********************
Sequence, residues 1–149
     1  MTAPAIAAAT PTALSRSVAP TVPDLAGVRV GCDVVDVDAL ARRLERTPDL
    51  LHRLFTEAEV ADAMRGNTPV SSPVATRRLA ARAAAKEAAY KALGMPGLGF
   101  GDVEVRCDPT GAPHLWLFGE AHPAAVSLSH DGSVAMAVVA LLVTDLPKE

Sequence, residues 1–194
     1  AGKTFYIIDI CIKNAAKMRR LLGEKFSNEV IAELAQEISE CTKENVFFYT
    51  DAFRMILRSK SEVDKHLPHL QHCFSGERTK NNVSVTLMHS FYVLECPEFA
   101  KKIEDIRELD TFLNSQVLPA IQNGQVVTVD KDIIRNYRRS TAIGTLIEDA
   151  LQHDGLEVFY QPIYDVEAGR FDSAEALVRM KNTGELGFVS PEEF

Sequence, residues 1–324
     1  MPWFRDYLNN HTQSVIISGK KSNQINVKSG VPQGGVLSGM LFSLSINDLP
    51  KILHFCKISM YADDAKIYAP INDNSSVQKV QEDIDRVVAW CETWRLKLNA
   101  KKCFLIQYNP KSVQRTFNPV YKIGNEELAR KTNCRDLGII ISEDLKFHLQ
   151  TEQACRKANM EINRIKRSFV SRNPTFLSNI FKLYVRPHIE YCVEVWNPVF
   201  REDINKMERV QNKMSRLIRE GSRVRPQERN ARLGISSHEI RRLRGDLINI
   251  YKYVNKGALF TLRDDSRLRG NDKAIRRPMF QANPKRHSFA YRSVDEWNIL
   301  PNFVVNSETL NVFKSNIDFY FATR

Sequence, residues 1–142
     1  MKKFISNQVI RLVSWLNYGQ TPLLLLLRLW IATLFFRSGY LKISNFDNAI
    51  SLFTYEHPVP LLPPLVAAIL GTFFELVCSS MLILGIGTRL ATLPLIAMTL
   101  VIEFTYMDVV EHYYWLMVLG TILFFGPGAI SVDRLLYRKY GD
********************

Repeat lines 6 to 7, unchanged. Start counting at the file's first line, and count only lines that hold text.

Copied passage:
     1  AGKTFYIIDI CIKNAAKMRR LLGEKFSNEV IAELAQEISE CTKENVFFYT
    51  DAFRMILRSK SEVDKHLPHL QHCFSGERTK NNVSVTLMHS FYVLECPEFA